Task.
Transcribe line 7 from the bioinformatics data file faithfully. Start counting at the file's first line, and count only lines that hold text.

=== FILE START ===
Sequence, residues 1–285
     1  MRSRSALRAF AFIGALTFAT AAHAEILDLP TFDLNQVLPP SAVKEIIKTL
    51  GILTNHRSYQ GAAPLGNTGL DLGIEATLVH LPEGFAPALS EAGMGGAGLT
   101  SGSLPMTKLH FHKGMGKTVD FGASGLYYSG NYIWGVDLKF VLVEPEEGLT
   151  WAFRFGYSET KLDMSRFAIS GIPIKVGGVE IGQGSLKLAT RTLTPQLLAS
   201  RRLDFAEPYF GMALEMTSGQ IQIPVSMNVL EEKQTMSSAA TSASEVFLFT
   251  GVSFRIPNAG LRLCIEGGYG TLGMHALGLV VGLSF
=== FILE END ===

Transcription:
   251  GVSFRIPNAG LRLCIEGGYG TLGMHALGLV VGLSF